Newsbank Archive
October 10, 2015
Sex abuse alleged at camp for youths
by Blake Spurney
Jan 23, 2014 | 0 0 comments | 38 38 recommendations | email to a friend | print
Rabun County sheriff’s investigators are trying to determine whether a counselor for Second Nature Blue Ridge forced a 14-year-old camper into a sexual encounter in November.

Chief Investigator Gerald Johnson said the 14-year-old wrote a letter about the alleged event that was found weeks later in the woods by another employee. Second Nature turned the letter over to authorities.

Assistant District Attorney Maggie Hastings said the letter was turned over to the Rabun County Department of Family and Children Services, which in turn gave it to the sheriff’s office earlier this month.

Hastings also said the child, who lives in Connecticut with his grandparents, didn’t disclose the allegation to other campers.

“We are just trying to get to the truth of what happened that night,” she said. “We are trying to work with Second Nature to figure out what happened.

“Our sheriff’s department is working very hard on this.”

Second Nature operates four camps nationwide, including the one in Rabun, for troubled youths. Counselors spend weeks at a time with youths at campgrounds on U.S. Forest Service land in what is called wilderness therapy.

Johnson said the investigation had been challenging because the campers come from places all across the nation. The 14-year-old camper who wrote the letter has undergone a forensic interview at the Power House for Kids Child Advocacy Center in Toccoa. According to Johnson, he has alleged that he was forced to perform the sex act.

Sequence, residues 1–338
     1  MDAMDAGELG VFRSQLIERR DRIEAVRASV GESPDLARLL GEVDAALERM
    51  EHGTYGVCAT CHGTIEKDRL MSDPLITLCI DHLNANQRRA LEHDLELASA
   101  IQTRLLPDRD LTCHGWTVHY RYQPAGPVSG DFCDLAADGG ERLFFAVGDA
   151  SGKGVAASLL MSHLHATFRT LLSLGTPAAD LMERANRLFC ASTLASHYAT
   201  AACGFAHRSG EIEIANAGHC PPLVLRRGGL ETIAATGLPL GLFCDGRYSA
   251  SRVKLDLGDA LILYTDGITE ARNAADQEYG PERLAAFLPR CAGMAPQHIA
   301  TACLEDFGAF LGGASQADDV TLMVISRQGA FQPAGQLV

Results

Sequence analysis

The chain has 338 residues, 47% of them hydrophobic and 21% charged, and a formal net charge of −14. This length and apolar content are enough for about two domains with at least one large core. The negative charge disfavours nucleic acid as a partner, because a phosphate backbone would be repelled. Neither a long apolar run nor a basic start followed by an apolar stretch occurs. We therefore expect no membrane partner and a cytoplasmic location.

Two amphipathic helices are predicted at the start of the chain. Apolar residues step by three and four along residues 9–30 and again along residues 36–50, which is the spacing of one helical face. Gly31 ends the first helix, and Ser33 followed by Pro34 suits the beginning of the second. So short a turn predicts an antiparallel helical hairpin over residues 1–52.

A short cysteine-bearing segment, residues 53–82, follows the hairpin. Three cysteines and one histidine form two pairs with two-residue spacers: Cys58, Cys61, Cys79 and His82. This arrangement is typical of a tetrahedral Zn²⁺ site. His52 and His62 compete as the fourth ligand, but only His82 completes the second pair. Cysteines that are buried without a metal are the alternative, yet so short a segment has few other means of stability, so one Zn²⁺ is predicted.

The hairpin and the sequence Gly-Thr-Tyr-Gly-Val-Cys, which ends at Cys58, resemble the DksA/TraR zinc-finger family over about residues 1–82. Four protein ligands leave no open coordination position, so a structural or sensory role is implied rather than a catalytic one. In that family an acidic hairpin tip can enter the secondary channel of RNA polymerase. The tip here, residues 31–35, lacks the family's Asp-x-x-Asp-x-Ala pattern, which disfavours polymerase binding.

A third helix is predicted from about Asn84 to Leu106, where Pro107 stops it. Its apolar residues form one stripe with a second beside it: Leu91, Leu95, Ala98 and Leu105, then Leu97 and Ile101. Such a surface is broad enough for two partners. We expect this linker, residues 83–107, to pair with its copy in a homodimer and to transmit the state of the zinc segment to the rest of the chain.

J. Tom Morgan, a former district attorney for DeKalb County, said he was conducting an internal investigation for Second Nature. He also said the counselor in question had been put on administrative leave pending the results of the investigation.

“It has nothing to do whether we believe the allegation or not,” he said. “You have to take every precaution to protect the child.”

The counselor had just begun working for the camp for troubled youths.

“He completed their internal training program and all the necessary background checks,” Morgan said. “He’d not been at Second Nature very long, just a short time.”

Part of the requirement for prospective campers is that a parent or guardian sign over guardianship to Second Nature. Morgan said it was essential for his client to assume guardianship in case a youth needed medical care.

“Second Nature is the guardian of these kids from the moment they leave their home or a juvenile court until they’re released back,” Morgan said.

“These kids are not there for church camp,” he added. “They’re there for severe psychological or behavioral issues. Parents want a therapist there when (campers are) being interviewed.”

Second Nature employees have been present during a couple of interviews with campers. Morgan said his client had been “completely cooperative with the investigation,” which is ongoing.

“Second Nature at this point has given me permission to turn my file over to the prosecutors,” Morgan said.

The counselor has retained the services of Atlanta lawyer Drew Findling, and has not been questioned by investigators.